3. Reconcile all the attributes (all knowing all present, all good, all powerful, etc) of this deity in order to make any statement regarding his perfection, much less his moral state.

      But all of this is dependent on you actually proving the existence of your god in order to make any claims of him at all.

      Two, since God is unchanging and unchangeable, He never acts on a whim. I’m sorry about the unclear prose. I’m still trying to understand the dogma about divine simplicity.

      Then how does an all loving god become jealous, angry and genocidal? How does an all loving, all knowing and all powerful become unable to solve a problem without bloodshed? How does an all knowing and all loving god allow evil and the original fall of man take place to begin with?

      You can’t just pick and choose an attribute and claim he is unchanging if his behavior in the bible is constantly changing. Was Job’s torture and losses necessary for God to prove he was all the things the bible claims of him anyway? Was the flood necessary to alleviate the ‘sin’ of the world? Was scapegoating his ‘son’ the only way to ‘save’ mankind? Was he incapable of actually forgiving and helping in no other way? Doesn’t strike me as either all powerful, all knowing or all loving. He in fact seems to act on a whim on a routine basis.

      Prove god’s existence and reconcile his character before assigning this idea of absolute morality and god as being so obvious, because it is anything but.

    • In reply to #83 by Pascendi:

      You seem to be unable to understand or answer any of the points I have put to you!

      God is relevant to morality.

      This is a baseless assertion!

      I’m trying to make two points. One, since the truths about morality follow from God’s nature,

      As would any of the followers of a multitude of religions where assorted dogmatic moral codes conflict with each other!

      He doesn’t need to consult anyone else or anything else to tell whether any action is morally right.

      You have yet to establish that your chosen god or indeed any such deity exists, or that there are any forms of communication which would provide you with such details.

      Two, since God is unchanging and unchangeable, He never acts on a whim.

      How could you possibly know this, given the absence of evidence for even the existence of such a god.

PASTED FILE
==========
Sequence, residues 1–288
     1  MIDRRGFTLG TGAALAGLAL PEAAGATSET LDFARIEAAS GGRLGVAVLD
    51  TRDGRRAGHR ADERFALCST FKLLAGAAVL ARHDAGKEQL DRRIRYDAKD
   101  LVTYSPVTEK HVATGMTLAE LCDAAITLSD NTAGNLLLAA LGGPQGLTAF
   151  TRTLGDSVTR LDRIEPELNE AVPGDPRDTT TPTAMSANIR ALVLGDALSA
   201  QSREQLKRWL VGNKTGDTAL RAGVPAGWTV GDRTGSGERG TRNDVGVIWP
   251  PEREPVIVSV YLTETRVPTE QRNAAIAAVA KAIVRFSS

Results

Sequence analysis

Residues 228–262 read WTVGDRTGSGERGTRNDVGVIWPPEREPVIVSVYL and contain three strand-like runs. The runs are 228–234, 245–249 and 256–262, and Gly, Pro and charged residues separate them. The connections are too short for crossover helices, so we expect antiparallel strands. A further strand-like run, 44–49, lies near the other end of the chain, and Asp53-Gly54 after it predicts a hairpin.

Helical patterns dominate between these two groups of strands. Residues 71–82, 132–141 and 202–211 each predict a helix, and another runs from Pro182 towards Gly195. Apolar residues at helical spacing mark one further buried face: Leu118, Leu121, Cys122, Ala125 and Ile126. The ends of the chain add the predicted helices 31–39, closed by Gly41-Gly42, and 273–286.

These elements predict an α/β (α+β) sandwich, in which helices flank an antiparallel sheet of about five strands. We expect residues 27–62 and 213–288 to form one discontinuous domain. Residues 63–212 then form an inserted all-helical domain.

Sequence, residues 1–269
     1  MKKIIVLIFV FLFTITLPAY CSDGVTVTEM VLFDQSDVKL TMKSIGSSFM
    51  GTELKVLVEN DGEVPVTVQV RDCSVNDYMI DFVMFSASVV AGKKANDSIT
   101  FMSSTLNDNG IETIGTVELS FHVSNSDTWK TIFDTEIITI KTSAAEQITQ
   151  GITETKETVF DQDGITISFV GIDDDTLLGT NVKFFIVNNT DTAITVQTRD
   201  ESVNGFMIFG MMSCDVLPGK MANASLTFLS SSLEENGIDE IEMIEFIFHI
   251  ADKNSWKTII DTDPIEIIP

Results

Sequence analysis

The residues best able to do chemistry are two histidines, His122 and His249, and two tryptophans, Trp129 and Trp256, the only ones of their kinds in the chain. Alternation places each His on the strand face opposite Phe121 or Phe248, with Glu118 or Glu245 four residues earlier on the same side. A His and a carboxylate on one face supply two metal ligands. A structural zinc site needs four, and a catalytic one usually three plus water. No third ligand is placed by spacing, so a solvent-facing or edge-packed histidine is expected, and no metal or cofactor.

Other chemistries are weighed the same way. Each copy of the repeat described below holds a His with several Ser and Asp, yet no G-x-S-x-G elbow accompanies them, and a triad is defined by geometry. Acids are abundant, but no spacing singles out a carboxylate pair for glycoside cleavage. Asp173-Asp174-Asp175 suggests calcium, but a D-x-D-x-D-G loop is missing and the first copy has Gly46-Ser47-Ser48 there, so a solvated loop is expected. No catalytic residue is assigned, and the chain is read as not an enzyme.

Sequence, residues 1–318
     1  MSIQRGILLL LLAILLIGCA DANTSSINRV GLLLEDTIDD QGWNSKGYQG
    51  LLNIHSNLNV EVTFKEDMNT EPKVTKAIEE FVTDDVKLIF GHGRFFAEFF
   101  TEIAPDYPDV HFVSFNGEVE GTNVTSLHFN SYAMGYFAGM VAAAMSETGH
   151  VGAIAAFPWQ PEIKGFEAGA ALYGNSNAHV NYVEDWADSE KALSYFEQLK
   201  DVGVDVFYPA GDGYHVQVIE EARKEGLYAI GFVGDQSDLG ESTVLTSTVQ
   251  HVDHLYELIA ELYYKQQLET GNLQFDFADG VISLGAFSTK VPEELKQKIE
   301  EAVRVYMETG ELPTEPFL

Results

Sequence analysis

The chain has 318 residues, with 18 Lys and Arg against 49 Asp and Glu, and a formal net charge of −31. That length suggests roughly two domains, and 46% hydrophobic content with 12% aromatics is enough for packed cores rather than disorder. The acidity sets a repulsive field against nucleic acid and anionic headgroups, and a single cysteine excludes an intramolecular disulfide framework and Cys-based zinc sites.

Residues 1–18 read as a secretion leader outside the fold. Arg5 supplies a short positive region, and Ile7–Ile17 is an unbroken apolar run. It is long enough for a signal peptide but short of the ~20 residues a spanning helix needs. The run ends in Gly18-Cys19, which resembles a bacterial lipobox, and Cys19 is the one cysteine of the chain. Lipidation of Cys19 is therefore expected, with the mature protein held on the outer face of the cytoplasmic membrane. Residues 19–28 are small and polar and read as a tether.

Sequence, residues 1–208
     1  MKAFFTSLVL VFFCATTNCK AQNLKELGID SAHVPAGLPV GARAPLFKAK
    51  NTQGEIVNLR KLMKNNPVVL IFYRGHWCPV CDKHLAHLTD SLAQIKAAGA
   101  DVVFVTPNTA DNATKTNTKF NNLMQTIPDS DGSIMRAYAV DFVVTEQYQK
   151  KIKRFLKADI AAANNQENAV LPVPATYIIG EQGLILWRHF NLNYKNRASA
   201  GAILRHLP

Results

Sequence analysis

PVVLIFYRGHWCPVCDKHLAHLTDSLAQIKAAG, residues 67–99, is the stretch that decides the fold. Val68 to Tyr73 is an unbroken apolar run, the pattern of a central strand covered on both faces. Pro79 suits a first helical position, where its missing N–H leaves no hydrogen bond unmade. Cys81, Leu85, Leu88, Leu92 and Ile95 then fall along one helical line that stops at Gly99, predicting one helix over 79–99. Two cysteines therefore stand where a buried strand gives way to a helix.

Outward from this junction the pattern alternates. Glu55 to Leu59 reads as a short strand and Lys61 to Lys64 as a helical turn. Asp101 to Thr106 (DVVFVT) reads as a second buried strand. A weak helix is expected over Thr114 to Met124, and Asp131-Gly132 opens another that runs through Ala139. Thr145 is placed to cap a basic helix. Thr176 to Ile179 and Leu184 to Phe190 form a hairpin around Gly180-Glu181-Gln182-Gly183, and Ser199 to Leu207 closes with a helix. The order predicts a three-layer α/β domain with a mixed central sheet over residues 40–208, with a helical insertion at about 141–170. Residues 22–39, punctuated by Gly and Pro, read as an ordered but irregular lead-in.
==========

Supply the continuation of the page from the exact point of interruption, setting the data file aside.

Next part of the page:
There is no evidence that he/she/it exists or acts at all. Absence of Evidence Is Evidence of Absence

      I’m sorry about the unclear prose.

      Your prose is clear. It is simply fallacious, unconvincing and circular in its arguments, – with some self contradictions. – It assumes its conclusions as prerequisites, and hence begs the question at each stage!

      I’m still trying to understand the dogma about divine simplicity.

      Best of luck with that! Accepting the illogicality of simplistic complexity is a property of cognitive dissonance and semantic gymnastics. Scientific investigations lead to truths, Dogmas merely lead to originating dogmatist scribes.

      • In reply to #85 by Alan4discussion:

        In reply to #83 by Pascendi:

        You seem to be unable to understand or answer any of the points I have put to you!
        Alan, the “Best of luck” part of your post is clearly sarcastic. So from now on, don’t expect me to answer it. I’ll decide whether I answer any post that anyone here writes me. Thanks.
        God is relevant to morality.

        This is a baseless assertion!

        I’m trying to make two points. One, since the truths about morality follow from God’s nature,

        As would any of the followers…

    • In reply to #83 by Pascendi:

      I’m still trying to understand the dogma about divine simplicity.

      Your error lies in assuming that there actually is anything to understand. With dogma you’re just supposed to believe! 😀

      • Krauss expects you to believe that no thing is some thing, and you think I’m crazy? :)

        Tx: X is a thing. Put on your logician’s hat, then tell me how much sense this makes. :)
        (x) is the universal quantifier.
        The tilde means “not.”

        (x) (~Tx -> Tx)
        In reply to #86 by Peter Grant:

        In reply to #83 by Pascendi:

        I’m still trying to understand the dogma about divine simplicity.

        Your error lies in assuming that there actually is anything to understand. With dogma you’re just supposed to believe! 😀

        • In reply to #87 by Pascendi:

          Krauss expects you to believe that no thing is some thing, and you think I’m crazy? :)

          Is chaos a thing? Deterministically it’s a no thing.

          Put on your logician’s hat

          That hat is always on. Part of the reason why I’m so disdainful of logic is because I have always found it so intuitive.

          • If chaos were not anything, you probably wouldn’t have needed to use the word “deterministically” to describe it.
            In reply to #89 by Peter Grant: